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Brexit is an abbreviation that is used to denote the term “British exit” from the European Union (EU). The EU includes 28 European countries which are in an economic and political union due to which the residents get the opportunity to live or work in any of those countries they want.
Brexit resulted from a public vote or also called as referendum which was held on 23rd June, 2016 to decide whether Britain should leave or remain in EU.
It was done with the intention to settle this big question once and for all and also as the then Prime Minister David Cameron promised such a National Referendum. He himself was campaigning for continuing the membership and was convinced that people would want to remain in the EU. The number of people voting was around 30 million.
Leave was supported by 52% and opposed by 48%. The voting results came as a big shock and created a huge disturbance in the global markets.Cameron announced his resignation the following day.
Though the UK government announced the country’s withdrawal in March 2017, it started a two year long process which was to be concluded on 29 March, 2019 completing the withdrawal.
But the UK parliament has voted against the withdrawal agreement thrice, causing the deadline to be extended twice; from 29th March to 9th October 2019. The latest deadline is 19th October 2019 and if the UK Parliament does not reach any agreement on that day then the withdrawal deadline will experience another extension.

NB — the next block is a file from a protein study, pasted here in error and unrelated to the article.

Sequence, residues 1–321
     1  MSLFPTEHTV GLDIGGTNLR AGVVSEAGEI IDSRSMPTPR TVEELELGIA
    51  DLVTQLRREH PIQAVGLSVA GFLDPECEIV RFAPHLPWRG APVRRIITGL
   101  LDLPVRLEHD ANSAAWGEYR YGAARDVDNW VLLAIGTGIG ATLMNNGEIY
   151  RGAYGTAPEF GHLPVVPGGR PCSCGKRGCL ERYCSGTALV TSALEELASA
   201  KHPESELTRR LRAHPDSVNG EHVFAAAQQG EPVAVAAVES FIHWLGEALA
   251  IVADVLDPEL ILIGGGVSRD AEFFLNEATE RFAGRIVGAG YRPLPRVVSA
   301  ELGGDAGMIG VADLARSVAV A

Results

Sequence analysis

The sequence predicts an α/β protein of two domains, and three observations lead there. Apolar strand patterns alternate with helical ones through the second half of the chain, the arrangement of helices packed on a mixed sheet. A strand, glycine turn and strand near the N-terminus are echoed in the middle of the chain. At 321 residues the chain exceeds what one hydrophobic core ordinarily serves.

PM Johnson’s Negotiations
Boris Johnson, current Prime Minister of Britain has offered a final Brexit offer to the European Union. In the latest Negotiation the following were covered:-
- Brexit new Offer: The PM made new offers on which he insisted on ditching the “Irish Backstop”, which is an insurance policy that is designed to ensure that there are no customs or any other type of infrastructure on the Irish border.
- Checks the business area: Johnson admitted that after Brexit some custom checks will be required in Ireland. He suggested that it could be done on “decentralized basis”. There are plans that would keep the Northern Ireland to stay in a regulatory zone with the EU single market for goods, removing the need for checks.
- “Get it done”: In the Tory conference the statement “Let’s Get Brexit done” was a repeated statement. Johnson’s office billed the proposals as a final offer. He reaffirmed that they have no intention of getting another extension. In his speech Johnson also said that no-deal is an outcome that the government isn’t seeking but it’s an outcome for which they are ready.
Timeline of Brexit
- 23rd June, 2016: Most commentators were in the belief that the Brits would decide to remain in the EU but the ‘Leave’ campaign won by 51.9% to 48.1% with a gap of 13 million votes. David Cameron resigned the next day.
- 13th July, 2016: Theresa May was appointed as the Prime Minister.
- 17 January, 2017: Through her speeches and setting out the government’s “Plan for Britain” May showed her intentions for a “hard brexit”.
- 29th March, 2017: May triggered article 50 which started the two year negotiation process that leads to UK exiting the EU.
- 8th December,2017: Amidst of the negotiations between UK and EU, they agreed over a deal covering both UK and EU citizens’ rights and the Northern Irish “backstop”.
- 6th July 2018: May took her cabinet to Chequers for signing a collective position for further negotiations with the EU but Brexit secretary David Davis and Boris Johnson opted out of it naming it as a suicide vest.
- 15th Jan & 12th March, 2019: With the fear of losing her votes, May made an attempt to get her deal ratified but due to various other concerns it wasn’t possible and hence she suffered a heavy defeat.